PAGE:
Characterization of hand clenching in human sensorimotor cortex using high-, and ultra-high frequency band modulations of electrocorticogram
Sabanci, Pulat A.
Ince, Nuri F.
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CitationJiang, T., Liu, S., Pellizzer, G., Aydoseli, A., Karamursel, S., Sabanci, P. A., ... & Ince, N. F. (2018). Characterization of hand clenching in human sensorimotor cortex using high-, and ultra-high frequency band modulations of electrocorticogram. Frontiers in Neuroscience, 12, 110.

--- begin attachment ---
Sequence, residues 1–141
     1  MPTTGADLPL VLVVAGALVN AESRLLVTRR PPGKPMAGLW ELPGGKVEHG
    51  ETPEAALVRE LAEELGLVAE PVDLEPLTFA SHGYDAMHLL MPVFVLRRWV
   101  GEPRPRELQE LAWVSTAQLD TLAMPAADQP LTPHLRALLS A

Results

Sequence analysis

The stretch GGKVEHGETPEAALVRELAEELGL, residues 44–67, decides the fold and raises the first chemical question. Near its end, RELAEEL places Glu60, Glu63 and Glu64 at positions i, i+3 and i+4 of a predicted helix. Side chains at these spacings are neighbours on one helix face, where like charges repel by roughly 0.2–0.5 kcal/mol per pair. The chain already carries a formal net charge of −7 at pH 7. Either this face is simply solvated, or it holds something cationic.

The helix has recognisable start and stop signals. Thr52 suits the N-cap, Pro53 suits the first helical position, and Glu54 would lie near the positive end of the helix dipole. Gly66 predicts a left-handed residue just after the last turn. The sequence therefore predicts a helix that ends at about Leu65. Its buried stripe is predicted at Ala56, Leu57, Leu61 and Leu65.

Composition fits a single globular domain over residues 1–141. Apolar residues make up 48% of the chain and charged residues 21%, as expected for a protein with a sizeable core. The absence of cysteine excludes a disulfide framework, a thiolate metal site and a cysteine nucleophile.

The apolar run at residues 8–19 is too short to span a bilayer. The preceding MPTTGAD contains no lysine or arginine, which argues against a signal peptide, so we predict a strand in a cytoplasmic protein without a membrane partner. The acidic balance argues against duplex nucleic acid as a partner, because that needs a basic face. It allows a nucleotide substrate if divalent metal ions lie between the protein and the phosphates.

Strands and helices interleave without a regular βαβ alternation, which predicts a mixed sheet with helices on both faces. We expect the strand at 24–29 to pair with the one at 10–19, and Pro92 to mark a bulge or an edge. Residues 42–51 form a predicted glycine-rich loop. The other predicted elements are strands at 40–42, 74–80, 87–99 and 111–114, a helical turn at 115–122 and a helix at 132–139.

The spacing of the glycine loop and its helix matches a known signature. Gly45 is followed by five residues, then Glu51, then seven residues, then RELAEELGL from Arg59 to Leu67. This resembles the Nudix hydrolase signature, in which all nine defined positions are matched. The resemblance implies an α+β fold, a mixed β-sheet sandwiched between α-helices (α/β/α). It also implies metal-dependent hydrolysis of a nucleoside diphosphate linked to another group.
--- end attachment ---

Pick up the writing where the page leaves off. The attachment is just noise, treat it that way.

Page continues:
Functional mapping of eloquent cortex before the resection of a tumor is a critical procedure for optimizing survival and quality of life. In order to locate the hand area of the motor cortex in two patients with low-grade gliomas (LGG), we recorded electrocorticogram (ECoG) from a 113 channel hybrid high-density grid (64 large contacts with diameter of 2.7 mm and 49 small contacts with diameter of 1 mm) while they executed hand clenching movements. We investigated the spatio-spectral characteristics of the neural oscillatory activity and observed that, in both patients, the hand movements were consistently associated with a wide spread power decrease in the low frequency band (LFB: 8-32 Hz) and a more localized power increase in the high frequency band (HFB: 60-280 Hz) within the sensorimotor region. Importantly, we observed significant power increase in the ultra-high frequency band (UFB: 300-800 Hz) during hand movements of both patients within a restricted cortical region close to the central sulcus, and the motor cortical " hand knob." Among all frequency bands we studied, the UFB modulations were closest to the central sulcus and direct cortical stimulation (DCS) positive site. Both HFB and UFB modulations exhibited different timing characteristics at different locations. Power increase in HFB and UFB starting before movement onset was observedmostly at the anterior part of the activated cortical region. In addition, the spatial patterns in HFB and UFB indicated a probable postcentral shift of the hand motor function in one of the patients. We also compared the task related subband modulations captured by the small and large contacts in our hybrid grid. We did not find any significant difference in terms of band power changes. This study shows initial evidence that event-driven neural oscillatory activity recorded from ECoG can reach up to 800 Hz. The spatial distribution of UFB oscillations was found to be more focalized and closer to the central sulcus compared to LFB and HFB. More studies are needed to characterize further the functional significance of UFB relative to LFB and HFB.